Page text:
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The ruin of a Redondo landmark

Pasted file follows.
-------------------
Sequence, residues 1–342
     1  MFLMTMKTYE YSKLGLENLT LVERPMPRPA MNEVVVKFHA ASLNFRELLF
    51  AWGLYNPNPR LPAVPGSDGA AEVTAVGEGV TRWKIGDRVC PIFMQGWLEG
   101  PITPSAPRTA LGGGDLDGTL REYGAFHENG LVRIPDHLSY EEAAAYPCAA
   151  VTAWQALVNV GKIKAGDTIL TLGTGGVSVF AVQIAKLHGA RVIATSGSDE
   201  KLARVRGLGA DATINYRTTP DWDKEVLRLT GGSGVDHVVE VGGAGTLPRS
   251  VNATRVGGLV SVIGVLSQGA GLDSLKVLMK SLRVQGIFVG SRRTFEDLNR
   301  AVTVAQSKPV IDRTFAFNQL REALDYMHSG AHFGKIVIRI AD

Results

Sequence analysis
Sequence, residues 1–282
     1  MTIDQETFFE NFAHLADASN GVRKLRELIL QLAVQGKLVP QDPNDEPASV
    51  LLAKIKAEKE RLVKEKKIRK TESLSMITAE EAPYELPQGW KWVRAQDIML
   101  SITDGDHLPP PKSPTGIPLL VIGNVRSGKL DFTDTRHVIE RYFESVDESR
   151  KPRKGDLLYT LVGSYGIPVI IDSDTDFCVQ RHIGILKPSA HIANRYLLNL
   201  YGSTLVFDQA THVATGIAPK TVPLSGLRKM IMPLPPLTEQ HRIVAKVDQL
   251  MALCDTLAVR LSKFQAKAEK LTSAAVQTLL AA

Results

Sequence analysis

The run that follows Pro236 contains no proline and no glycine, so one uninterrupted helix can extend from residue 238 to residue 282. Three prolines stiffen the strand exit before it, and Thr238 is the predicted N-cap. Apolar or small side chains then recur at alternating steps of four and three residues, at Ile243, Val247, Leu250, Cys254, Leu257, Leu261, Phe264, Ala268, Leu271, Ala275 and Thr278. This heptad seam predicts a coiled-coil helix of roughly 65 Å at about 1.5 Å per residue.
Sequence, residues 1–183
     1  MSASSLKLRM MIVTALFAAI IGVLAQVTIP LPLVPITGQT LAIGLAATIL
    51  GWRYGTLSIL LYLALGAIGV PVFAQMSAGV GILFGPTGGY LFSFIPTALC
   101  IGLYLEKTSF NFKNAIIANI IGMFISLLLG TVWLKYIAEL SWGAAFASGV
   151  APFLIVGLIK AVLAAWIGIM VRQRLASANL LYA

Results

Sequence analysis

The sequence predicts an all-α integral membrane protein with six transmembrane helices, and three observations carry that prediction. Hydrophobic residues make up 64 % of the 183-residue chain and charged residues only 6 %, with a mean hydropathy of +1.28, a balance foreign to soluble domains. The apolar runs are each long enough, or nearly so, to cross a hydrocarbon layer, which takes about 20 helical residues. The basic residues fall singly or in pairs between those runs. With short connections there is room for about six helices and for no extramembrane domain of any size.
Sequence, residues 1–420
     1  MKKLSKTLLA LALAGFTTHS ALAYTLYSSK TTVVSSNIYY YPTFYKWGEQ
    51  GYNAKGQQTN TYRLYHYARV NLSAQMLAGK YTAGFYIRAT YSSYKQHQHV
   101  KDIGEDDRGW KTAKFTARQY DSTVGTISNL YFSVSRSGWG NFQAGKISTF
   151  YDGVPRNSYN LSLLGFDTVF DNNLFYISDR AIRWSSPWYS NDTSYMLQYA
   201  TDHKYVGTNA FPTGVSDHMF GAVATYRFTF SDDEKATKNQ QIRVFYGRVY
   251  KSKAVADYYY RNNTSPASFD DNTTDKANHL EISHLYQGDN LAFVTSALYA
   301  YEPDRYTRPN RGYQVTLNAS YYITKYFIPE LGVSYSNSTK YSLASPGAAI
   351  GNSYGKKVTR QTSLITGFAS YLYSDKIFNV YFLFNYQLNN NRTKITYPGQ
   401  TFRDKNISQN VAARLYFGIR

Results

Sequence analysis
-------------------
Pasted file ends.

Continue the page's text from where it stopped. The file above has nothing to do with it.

"Dottie Shores could barely stand to look at the blackened remains of the Redondo Skating Arena the day after a fire leveled it.Like other people who regularly skated there, Shores wept at the destruction caused by the fire, which occurred in the early morning hours of Jan. 20, 1951.The penny arcade machines, pool tables and bowling lanes on the first floor ignited. The fire burned so hot the coins inserted into the machines fused. On the second floor, the 180-by-80-foot maple floor burned to ashes. And the pipe organ, which had filled the two-story building with hits like Blue Moon, sat in barely recognizable pieces.Shores, who had skated there for more than 10 years, said she was devastated to see the beautiful rink - one of the most popular in Puget Sound - destroyed. She and her husband skated there twice a week, enjoying the spectacular view of the water while they skated. It was so completely gone, Shores says. Two floors of wood. It went up fast. We were all so shook. I wanted to get away from that particular scene. Those things, I don't want to see.Last Saturday marked 50 years since the day a fire robbed the Betts family - Weston and Lauree and their children, Evelyn, Byron and Barbara - of their livelihood. But the fire destroyed more than a family's business; it cost the Federal Way area a well-known landmark.(Redondo) was the place to go in those days, Evelyn Pattison says.Weston Betts built the Amusedrome, a dance hall and penny arcade, at Redondo Beach in 1922, according to Historical Society of Federal Way records. In 1936, he converted the business from a dance hall into the Redondo Skating Arena and Amusement Center.Hundreds of kids and adults alike drove from as far away as Enumclaw and North Seattle to skate on the gleaming maple floor. Betts prided himself on operating a rink where parents felt safe dropping off their teen-agers for several hours of entertainment. He kept the rink so clean the railings shone and the floor gleamed.Like dad said, we didn't have one spot in the rink building a cigarette could have rolled into and burnt, says Byron Betts, now 74. He was very particular.Evelyn Betts Pattison, now 78, remembers freestyle skaters practicing spins in the center of the rink. On the outer edge, couples danced - essentially waltzing on skates. Many a romance blossomed at the rink, Pattison says.The Betts were heading to California for a vacation at the time of the fire. Pattison and her husband, Pat, had worked at the rink. After the second skating session ended at 12:30 a.m. that Saturday, they had walked to their cabin a few blocks from the rink and gone to bed.The shriek of fire department sirens awakened them about 1:50 a.m. From the front of their house, Pattison saw flames shooting from the second story of the center.It was the worst feeling I think I've ever had, she says. There was nothing you could do.Pattison took the kids to the house of her grandmother, who lived next door, and started down the beach toward the center. The brightness of the fire lit her way and she watched, stunned, as the rink burned until there was nothing left but timbers - a big, black mess, she says.A state patrol officer tracked down Weston and Lauree Betts in California and let them know about the fire. They hurried back. So did Byron Betts and his wife, May, who were vacationing at the ocean with another couple. Many members in the family had trouble listening to a pipe organ after that night without remembering the way the fire had left the organ at the rink in pieces. It took years before I could listen to a pipe organ, Pattison says. The whole family. Every time, the tears would just roll.Loss estimates ranged from $300,000 to $500,000. Investigators never determined what caused the fire but several other skating rinks in Puget Sound mysteriously burned to the ground in the next few months so the family suspects arson.Later that day, hundreds of skate enthusiasts began arriving to see the damage for themselves. Tears streamed down their faces as they saw the complete destruction of the place where they had spent so many fun Friday and Saturday nights.We always said we didn't know anyone would cry over a building burning but it meant so much to them, Pattison says. It was like a second home to them almost.Other members of the family went on to operate skating rinks, including Pattison's West Skating Center in Federal Way, which Pattison and her husband opened in 1979. In fact, seven of Weston and Lauree Betts' grandchildren own and operate six skating rinks in Washington. But the fire sent the family in different directions, with the Pattisons moving to Spokane, and Barbara and Eric Englund moving to Everett.Pattison, whose husband died last year, and the Betts live in condominiums built on the site of the Redondo Skating Arena and Amusement Center.Fifty years later, time hasn't dulled the memory of the fire's impact. It was like a death in the family, Pattison says. It lasted a long time. "